Even before Covid-19, sub-Saharan Africa was the region of the world with the most children not in education – with 37 million school-age children out of school before the pandemic. The lockdown measures across the continent have only worsened the problem, with estimates by the United Nations Children’s Fund (UNICEF) that a further 30 million had not returned to school by the end of 2021. Though this figure dropped to 16 million in early 2022, it still meant 53 million children are not in school.
“The dropout rate has been enormous in the region,” says Abhiyan Jung Rana, the regional education adviser for eastern and southern Africa at UNICEF. This increased dropout rate has significantly affected girls more than their male counterparts, with one study in Kenya, commissioned by the Presidential Policy and Strategy Unit (PASU) and carried out by the Population Council, finding that after school reopened in February 2021, the female dropout rate since Covid-19 began was double for girls, at 16%, than for boys, at 8%. Another survey, conducted among 515 girls in South Africa, found that more than 50% of them were unable to continue with in-person education.
There are many reasons why girls are less likely to return to school than boys after the pandemic, but they mostly revolve around gender economics. In families across the continent, male education “tends to be prioritised”, says Dr Zoe Duby, a qualitative specialist scientist at the South African Medical Research Council, who worked on the South African survey and spoke specifically about that context. UNICEF’s Rana added that “deep-rooted gender norms need to be engaged” as “addressing the pandemic recovery needs to be specifically focused on girls”.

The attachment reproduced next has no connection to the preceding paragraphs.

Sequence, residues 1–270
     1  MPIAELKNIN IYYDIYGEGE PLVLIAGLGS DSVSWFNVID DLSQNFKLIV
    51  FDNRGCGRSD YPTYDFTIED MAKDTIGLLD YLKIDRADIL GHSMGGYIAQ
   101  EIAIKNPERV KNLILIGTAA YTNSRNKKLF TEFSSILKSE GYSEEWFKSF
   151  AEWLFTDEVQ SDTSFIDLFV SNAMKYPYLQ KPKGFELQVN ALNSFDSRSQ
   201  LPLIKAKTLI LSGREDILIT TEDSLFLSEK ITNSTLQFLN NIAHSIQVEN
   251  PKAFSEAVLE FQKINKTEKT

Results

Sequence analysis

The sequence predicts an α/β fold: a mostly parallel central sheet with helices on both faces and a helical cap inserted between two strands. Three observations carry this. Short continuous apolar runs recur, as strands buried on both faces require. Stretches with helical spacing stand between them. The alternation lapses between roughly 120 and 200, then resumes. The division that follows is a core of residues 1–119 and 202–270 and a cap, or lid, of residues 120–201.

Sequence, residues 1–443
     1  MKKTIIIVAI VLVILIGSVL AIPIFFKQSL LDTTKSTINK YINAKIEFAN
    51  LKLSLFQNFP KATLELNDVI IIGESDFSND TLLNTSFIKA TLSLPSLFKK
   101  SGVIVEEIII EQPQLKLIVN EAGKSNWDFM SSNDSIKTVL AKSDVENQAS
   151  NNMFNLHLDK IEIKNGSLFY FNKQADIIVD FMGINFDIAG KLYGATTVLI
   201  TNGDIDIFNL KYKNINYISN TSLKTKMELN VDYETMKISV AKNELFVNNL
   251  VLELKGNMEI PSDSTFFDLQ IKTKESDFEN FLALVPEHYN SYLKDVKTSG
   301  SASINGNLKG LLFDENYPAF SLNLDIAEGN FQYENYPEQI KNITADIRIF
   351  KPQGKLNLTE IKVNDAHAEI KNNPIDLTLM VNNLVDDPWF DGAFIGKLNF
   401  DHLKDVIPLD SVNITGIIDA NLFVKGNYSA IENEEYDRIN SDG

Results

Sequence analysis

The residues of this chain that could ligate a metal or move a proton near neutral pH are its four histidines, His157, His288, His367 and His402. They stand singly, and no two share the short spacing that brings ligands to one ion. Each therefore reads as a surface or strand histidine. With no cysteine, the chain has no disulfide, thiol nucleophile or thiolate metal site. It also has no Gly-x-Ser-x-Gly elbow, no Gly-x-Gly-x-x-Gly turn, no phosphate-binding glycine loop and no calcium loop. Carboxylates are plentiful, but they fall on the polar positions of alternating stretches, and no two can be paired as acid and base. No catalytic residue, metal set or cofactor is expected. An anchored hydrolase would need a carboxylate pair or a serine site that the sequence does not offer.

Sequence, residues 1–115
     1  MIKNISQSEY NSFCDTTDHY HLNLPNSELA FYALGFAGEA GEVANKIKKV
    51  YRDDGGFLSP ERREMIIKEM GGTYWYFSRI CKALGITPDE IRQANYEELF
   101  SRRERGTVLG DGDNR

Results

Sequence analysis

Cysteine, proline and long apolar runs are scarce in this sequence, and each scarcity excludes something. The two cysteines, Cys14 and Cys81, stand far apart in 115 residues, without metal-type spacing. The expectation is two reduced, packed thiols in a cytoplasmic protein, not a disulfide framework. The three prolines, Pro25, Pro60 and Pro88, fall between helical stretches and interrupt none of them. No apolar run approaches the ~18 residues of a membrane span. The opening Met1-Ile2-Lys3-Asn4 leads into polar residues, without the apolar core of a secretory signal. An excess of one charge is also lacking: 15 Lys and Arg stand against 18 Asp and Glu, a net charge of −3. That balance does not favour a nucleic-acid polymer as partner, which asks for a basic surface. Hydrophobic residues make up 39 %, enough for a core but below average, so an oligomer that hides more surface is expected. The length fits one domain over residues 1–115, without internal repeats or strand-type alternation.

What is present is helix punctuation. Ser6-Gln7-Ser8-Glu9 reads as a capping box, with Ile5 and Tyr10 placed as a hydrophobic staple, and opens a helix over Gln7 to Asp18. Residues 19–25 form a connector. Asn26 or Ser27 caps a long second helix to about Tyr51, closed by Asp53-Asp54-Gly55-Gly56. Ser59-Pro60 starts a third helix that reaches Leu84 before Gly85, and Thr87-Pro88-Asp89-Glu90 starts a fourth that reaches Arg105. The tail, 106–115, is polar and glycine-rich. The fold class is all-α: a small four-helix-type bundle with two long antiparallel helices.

As families across the continent faced tough economic times due to the pandemic, the greater burden in the home fell to girls, who took on childcare and other duties to support the household. “Young women who were unable to come back to school … were generally in houses that experienced more hunger,” says Duby of the findings of her South African study.
Aside from dropping out, other risks increased for girls; teenage pregnancies and underage marriages spiked dramatically during the pandemic and the lockdown, as noted by governments across Africa. UNICEF’s Rana added that “two million additional cases of female genital mutilation (FGM) are predicted because of Covid”.
Kenya’s Ministry of Health found that 328,000 teenage girls got pregnant during the first year of the pandemic, while the study by the Population Council, which interviewed 3,921 adolescents, 72% of whom were girls, found that there were about 100,000 early marriages. The survey found that 16% of the girls married stated they wouldn’t have wed if it wasn’t for the pandemic, while 24% said it wasn’t their choice to be married. These figures would not be unique to Kenya.
In South Africa, meanwhile, underage marriage isn’t as prevalent but teenage pregnancy is a problem, often a result of unhealthy “blesser-style” or transactional relationships, whereby a young woman or teenager dates an older, richer man for economic benefit.
“Engaging in a relationship with someone who can provide for you materially is seen as acceptable, so maybe young women are less incentivised to get an education to finish school if they have these other sources of economic material support. That’s something we’ve seen as well,” says Duby.
The start of the pandemic also saw a dramatic increase in domestic abuse and gender-based violence (GBV), disproportionally affecting girls and young women. Across the East African Community (EAC) countries, the ministries for gender reported a 48% increase in GBV cases reported to the police over the period, while Liberia saw a 50% increase in the first six months of lockdown and in the Central African Republic (CAR), there was a 69% spike in injuries reported by women and children – as well as a 27% increase in rape.